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That may be chased; fit for the chase. – Gower.


  1. Vehement pursuit; a running or driving after; as game, in hunting; a flying enemy, in war; a ship at sea, &c.
  2. Pursuit with an ardent desire to obtain, as pleasure, profit, fame, &c.; earnest seeking.
  3. That which may be chased; that which is usually taken by the chase; as, beasts of chase.
  4. That which is pursued or hunted; as, seek some other chase. So at sea, a ship chased is called the chase.
  5. In law, a driving of cattle to or from a place.
  6. An open ground, or place of retreat for deer and other wild beasts; differing from a forest, which is not private property and is invested with privileges, and from a park which is inclosed. A chase is private property, and well stored with wild beasts or game.
  7. [Fr. chasse; Sp. caxa; It. cassa. See Case and Cash.] An iron frame used by printers to confine types, when set in columns.
  8. Chase of a gun, is the whole length of the bore.
  9. A term in the game of tennis. Chase guns, in a ship of war, guns used in chasing an enemy or in defending a ship when chased. These have their ports at the head or stern. A gun at the head is called a bow-chase; at the stern, a stern-chase.

CHASE, v.t. [Fr. chasser; Arm. chaçzeal; Sp. cazar; Port. caçar; It. cacciare. The elements are Cg or Ck; and the change of a palatal to a sibilant resembles that in brace.]

  1. Literally, to drive, urge, press forward with vehemence; hence, to pursue for the purpose of taking, as game; to hunt.
  2. To pursue, or drive, as a defeated or flying enemy. – Lev. xxvi. 7. Deut. xxxii. 30.
  3. To follow or pursue as an object of desire; to pursue for the purpose of taking; as, to chase a ship.
  4. To drive; to pursue. Chased by their brother's endless malice. – Knolles. To chase away, is to compel to depart; to disperse. To chase metals. [See Enchase.]

CHAS'ED, pp.

Pursued; sought ardently; driven.


  1. One who chases; a pursuer; a driver; a hunter.
  2. An enchaser. [See Enchase.]

CHAS'ING, ppr.

  1. Pursuing; driving; hunting.
  2. n. The act or art of embossing on metals.

CHASM, n. [s. as z. Gr. χασμα, L. chasma, from Gr. χαω, χασκω, χαινω, to open.]

  1. A cleft; a fissure; a gap; properly, an opening made by disrupture, as a breach in the earth or a rock.
  2. A void space; a vacuity. Between the two propositions, that the gospel is true, and that it is false, what a fearful chasm! The unsettled reason hovers over it in dismay. – Buckminster.


Having gaps or a chasm.


Abounding with chasms.


A sort of grape.

CHAS'SEUR, n. [Fr. a huntsman.]

In military affairs, one of a body of cavalry, light and active, trained for rapid movements.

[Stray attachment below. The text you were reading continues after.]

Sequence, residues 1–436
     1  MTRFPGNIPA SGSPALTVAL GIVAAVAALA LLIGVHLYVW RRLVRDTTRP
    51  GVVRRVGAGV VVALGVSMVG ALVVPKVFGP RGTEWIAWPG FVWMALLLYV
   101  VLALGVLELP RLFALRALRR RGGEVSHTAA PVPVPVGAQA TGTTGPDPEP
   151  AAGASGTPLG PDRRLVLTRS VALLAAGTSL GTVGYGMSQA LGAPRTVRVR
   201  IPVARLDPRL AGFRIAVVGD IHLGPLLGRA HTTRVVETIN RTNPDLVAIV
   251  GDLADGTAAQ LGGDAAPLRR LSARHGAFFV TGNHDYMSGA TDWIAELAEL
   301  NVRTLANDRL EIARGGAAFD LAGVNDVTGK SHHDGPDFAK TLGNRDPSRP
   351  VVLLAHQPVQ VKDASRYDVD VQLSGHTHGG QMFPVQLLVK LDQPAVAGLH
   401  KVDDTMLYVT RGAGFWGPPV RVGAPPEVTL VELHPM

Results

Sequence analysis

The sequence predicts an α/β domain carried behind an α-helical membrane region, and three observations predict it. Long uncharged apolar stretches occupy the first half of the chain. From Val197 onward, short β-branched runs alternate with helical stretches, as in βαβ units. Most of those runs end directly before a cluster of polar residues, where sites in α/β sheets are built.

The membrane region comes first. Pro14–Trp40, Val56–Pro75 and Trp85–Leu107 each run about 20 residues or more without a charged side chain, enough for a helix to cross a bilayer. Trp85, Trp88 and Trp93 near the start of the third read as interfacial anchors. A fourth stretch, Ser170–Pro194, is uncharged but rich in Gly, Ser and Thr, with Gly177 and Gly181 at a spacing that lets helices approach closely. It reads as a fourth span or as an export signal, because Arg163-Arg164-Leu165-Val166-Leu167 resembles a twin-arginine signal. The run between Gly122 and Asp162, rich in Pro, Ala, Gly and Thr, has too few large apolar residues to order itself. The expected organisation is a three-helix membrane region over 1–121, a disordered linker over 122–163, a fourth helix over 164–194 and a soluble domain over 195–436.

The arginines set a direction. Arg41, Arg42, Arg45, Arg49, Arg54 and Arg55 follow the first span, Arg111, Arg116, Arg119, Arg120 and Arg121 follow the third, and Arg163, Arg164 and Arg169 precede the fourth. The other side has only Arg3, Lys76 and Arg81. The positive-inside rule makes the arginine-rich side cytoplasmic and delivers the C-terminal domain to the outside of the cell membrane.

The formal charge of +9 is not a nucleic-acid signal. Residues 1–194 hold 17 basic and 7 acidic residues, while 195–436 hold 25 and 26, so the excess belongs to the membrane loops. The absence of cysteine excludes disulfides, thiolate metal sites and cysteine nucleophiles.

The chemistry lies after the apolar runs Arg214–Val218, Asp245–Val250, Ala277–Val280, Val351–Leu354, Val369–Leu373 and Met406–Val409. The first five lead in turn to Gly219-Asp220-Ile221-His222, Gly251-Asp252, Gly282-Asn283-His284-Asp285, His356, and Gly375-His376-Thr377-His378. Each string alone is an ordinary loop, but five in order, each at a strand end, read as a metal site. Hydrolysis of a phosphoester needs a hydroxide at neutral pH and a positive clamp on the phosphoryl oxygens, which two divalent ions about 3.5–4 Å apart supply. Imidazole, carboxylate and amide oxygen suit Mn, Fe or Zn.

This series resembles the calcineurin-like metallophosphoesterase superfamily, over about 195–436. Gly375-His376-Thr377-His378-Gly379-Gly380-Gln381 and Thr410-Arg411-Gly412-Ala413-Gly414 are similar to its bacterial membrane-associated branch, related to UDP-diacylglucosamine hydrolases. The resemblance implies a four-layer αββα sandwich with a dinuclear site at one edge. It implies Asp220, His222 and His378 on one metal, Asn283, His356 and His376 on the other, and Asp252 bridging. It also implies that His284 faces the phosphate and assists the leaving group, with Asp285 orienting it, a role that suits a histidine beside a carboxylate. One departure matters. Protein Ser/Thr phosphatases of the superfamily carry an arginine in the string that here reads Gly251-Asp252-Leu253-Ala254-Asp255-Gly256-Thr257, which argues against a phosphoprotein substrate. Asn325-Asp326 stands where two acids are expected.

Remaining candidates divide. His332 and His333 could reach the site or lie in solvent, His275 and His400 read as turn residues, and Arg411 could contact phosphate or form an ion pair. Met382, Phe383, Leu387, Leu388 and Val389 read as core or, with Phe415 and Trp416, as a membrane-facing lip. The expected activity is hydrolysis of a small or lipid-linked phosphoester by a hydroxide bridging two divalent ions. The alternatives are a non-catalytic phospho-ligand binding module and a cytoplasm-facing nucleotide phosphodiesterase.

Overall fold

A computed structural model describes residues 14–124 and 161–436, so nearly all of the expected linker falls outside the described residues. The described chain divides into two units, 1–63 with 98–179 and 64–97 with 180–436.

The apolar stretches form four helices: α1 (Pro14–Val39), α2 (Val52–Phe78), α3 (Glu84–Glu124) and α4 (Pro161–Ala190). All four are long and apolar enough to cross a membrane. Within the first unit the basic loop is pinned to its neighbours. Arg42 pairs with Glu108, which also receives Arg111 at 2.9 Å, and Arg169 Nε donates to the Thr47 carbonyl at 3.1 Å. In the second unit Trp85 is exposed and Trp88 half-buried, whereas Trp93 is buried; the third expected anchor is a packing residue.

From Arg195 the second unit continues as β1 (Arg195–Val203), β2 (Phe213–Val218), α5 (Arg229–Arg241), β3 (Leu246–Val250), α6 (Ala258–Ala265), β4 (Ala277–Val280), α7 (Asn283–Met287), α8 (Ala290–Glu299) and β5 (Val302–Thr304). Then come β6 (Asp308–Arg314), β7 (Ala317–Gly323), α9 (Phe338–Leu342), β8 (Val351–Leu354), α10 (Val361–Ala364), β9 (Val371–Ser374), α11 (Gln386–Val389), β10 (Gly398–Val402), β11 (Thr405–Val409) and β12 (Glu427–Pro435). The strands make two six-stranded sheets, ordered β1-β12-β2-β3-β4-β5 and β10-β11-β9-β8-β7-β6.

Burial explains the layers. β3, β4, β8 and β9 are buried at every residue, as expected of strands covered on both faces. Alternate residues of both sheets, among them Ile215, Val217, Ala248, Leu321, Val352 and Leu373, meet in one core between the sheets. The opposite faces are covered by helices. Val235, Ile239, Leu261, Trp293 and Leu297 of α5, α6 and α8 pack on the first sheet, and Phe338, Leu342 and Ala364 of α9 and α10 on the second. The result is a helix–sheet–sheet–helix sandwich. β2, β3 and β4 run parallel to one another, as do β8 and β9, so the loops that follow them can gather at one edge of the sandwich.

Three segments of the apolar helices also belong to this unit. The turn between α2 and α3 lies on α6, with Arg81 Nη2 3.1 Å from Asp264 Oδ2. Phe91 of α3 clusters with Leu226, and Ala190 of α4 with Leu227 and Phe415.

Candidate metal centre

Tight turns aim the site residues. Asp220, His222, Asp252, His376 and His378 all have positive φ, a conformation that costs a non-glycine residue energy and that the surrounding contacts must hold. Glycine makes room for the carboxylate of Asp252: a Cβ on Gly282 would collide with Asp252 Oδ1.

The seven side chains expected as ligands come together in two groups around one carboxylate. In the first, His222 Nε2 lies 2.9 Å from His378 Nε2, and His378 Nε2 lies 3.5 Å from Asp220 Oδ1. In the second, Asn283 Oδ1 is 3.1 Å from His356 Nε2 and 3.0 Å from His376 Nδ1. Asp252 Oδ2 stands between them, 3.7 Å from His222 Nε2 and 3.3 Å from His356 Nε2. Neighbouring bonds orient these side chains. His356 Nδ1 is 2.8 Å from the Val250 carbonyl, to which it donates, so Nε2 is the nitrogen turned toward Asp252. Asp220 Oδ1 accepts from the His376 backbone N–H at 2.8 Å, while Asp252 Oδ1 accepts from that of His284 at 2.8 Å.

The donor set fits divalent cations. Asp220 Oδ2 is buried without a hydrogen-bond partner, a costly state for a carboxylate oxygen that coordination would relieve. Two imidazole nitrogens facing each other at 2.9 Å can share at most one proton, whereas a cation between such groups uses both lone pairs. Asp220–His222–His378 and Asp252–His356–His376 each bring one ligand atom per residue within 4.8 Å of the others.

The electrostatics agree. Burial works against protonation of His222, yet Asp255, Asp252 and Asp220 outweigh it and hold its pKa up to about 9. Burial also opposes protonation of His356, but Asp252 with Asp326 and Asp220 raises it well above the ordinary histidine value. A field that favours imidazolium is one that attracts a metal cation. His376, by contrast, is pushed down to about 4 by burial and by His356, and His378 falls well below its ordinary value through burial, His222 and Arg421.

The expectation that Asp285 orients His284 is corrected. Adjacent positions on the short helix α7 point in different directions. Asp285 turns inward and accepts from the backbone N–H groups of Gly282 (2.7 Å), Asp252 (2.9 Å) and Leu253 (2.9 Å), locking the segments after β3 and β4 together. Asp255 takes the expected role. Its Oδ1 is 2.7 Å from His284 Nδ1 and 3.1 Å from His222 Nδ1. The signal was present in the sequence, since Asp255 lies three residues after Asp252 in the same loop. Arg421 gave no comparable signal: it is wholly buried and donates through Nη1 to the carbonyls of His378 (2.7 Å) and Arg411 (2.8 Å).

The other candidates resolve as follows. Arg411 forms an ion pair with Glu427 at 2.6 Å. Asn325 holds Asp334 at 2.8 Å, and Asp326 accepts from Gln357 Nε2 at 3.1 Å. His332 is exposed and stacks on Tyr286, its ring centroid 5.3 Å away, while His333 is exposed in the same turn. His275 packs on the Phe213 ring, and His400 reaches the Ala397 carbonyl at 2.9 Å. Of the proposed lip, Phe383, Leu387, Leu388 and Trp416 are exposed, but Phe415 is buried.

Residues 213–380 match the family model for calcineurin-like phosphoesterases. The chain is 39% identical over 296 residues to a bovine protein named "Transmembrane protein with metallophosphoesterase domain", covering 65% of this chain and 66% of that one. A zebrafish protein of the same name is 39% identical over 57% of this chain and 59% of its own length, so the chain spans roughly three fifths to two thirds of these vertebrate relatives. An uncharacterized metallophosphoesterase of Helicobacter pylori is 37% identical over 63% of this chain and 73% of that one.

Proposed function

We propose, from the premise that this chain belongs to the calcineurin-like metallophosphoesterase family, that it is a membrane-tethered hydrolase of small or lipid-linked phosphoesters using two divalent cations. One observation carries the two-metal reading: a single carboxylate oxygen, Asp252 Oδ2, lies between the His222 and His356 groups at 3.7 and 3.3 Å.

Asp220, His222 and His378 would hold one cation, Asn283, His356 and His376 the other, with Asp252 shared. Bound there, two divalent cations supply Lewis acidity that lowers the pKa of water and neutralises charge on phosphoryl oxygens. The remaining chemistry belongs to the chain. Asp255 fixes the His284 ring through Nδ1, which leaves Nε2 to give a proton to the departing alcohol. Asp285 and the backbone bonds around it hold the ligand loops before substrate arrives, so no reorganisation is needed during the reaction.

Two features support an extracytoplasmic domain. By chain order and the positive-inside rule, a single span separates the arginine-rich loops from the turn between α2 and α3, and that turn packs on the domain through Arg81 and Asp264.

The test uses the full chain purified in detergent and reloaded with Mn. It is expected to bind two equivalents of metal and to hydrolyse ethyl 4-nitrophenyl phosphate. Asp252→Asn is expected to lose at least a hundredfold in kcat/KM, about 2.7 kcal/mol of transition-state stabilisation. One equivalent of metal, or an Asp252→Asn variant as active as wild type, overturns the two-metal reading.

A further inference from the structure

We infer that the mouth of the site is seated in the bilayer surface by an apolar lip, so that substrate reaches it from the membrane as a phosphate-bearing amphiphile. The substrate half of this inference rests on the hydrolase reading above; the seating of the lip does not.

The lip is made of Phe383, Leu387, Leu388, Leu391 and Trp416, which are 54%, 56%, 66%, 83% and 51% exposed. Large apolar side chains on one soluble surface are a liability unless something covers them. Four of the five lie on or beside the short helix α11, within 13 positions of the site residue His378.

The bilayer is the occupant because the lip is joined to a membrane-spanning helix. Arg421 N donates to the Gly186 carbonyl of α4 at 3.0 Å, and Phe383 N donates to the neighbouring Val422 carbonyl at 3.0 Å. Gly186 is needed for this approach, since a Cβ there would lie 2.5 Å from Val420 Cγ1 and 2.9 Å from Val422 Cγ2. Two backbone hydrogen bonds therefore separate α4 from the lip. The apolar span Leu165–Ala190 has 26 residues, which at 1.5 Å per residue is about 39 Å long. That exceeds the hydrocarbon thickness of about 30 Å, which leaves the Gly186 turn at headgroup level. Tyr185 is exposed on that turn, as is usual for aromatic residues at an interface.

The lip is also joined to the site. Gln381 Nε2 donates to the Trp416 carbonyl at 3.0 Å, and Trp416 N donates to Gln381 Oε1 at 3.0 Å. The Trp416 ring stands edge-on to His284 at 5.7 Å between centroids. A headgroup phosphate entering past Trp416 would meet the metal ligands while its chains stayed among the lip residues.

CHASTE, a. [Fr. chaste; Arm. chast; It. Sp. and Port. casto; from L. castus. Sax. cuse, D. kuisch, G. keusch, Sw. kysk, Russ. chistei, are probably from the same root. Qu. Ir. caidh. I suppose the primary sense to be, separate, from the Oriental practice of sequestering females. If so, castus accords with the root of castle, W. câs; and at any rate, the word denotes purity, a sense taken from separation.]

  1. Pure from all unlawful commerce of sexes. Applied to persons before marriage, it signifies pure from all sexual commerce, undefiled; applied to married persons, true to the marriage bed.
  2. Free from obscenity. While they behold your chaste conversation – 1 Pet iii.
  3. In language, pure; genuine; uncorrupt; free from barbarous words and phrases, and from quaint, affected, extravagant expressions.


Having modest eyes. – Collins.


In a chaste manner; without unlawful commerce of sexes; without obscenity; purely; without barbarisms or unnatural phrases.

CHAS'TEN, v.t. [cha'sn; Fr. châtier, for chastier; Arm. castien; Russ. chischu.]

  1. To correct by punishment; to punish; to inflict pain for the purpose of reclaiming an offender; as, to chasten a son with a rod. I will chasten him with the rod of men. – 2 Sam. vii.
  2. To afflict by other means. As many as I love I rebuke and chasten. – Rev. iii. I chastened my soul with fasting. – Ps. lxix.
  3. To purify from errors or faults.


Corrected; punished; afflicted for correction.


One who punishes, for the purpose of correction.


Chastity; purity.


Correction; punishment for the purpose of reclaiming. No chastening for the present seemeth to be joyous but grievous. – Heb. xii.


Correcting; afflicting for correction.


The Agnus castus, or Vitex; a tree that grows to the highth of eight or ten feet, producing spikes of flowers at the end of every strong shoot in autumn. – Miller.


Deserving of chastisement. – Sherwood.

CHAS-TISE', v.t. [s as z. Fr. châtier; Arm. castiza, from chaste, castus. The Latin castigo, Sp. and Port. castigar, It. gastigare, are formed with a different termination. We have chastise from the Armoric dialect.]

  1. To correct by punishing; to punish; to inflict pain by stripes, or in other manner, for the purpose of punishing an offender and recalling him to his duty. I will chastise you seven times for your sin. – Lev. xxvi.
  2. To reduce to order or obedience; to restrain; to awe; to repress. The gay social sense, / By decency chastised. – Thomson.
  3. To correct; to purify by expunging faults; as, to chastise a poem.


Punished; corrected.

CHAS'TISE-MENT, n. [Fr. châtiment; Arm. castiz; from chaste.]

Correction; punishment; pain inflicted for punishment and correction, either by stripes or otherwise. Shall I so much dishonor my fair stars, / On equal terms to give him chastisement. – Shak. I have borne chastisement, I will not offend any more. – Job. xxxiv. The chastisement of our peace, in Scripture, was the pain which Christ suffered to purchase our peace and reconciliation to God. Is. liii.